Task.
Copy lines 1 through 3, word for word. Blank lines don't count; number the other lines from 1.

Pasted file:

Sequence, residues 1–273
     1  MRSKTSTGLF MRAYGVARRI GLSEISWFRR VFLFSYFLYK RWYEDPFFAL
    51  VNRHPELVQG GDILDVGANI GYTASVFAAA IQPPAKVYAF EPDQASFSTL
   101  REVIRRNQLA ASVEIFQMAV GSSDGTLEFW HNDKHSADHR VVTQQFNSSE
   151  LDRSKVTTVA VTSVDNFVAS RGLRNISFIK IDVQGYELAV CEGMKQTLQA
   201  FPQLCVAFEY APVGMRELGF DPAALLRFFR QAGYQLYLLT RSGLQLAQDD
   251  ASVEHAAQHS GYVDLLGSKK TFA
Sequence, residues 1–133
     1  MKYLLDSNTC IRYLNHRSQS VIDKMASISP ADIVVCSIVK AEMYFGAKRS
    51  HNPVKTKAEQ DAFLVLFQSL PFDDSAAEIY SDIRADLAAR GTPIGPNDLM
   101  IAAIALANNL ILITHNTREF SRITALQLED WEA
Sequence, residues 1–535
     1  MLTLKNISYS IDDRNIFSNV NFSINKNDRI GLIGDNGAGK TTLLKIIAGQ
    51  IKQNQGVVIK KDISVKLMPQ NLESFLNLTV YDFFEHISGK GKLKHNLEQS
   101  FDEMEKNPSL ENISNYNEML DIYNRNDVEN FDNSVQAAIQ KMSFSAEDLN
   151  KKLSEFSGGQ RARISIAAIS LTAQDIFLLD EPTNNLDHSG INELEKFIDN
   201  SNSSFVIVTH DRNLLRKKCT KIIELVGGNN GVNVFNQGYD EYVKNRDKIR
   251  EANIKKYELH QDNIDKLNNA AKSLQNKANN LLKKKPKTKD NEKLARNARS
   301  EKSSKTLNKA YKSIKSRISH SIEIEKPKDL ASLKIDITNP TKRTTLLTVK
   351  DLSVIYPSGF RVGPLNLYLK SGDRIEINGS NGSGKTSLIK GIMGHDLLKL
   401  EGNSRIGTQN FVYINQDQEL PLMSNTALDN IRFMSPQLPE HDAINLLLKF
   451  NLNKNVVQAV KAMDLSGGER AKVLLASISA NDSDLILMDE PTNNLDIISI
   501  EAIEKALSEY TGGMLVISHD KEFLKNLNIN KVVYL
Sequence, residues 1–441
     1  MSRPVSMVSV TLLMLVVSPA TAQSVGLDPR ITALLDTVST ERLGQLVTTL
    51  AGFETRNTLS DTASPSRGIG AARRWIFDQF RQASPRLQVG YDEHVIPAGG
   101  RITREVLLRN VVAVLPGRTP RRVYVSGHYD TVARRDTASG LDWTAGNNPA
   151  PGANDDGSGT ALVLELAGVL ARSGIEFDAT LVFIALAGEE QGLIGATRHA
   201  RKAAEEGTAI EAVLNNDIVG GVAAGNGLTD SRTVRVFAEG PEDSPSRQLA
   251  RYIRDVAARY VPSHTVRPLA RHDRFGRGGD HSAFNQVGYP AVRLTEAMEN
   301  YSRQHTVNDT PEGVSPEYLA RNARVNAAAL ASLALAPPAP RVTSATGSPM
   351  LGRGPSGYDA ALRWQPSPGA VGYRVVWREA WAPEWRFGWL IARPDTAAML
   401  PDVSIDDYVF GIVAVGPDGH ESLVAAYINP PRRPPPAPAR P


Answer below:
Sequence, residues 1–273
     1  MRSKTSTGLF MRAYGVARRI GLSEISWFRR VFLFSYFLYK RWYEDPFFAL
    51  VNRHPELVQG GDILDVGANI GYTASVFAAA IQPPAKVYAF EPDQASFSTL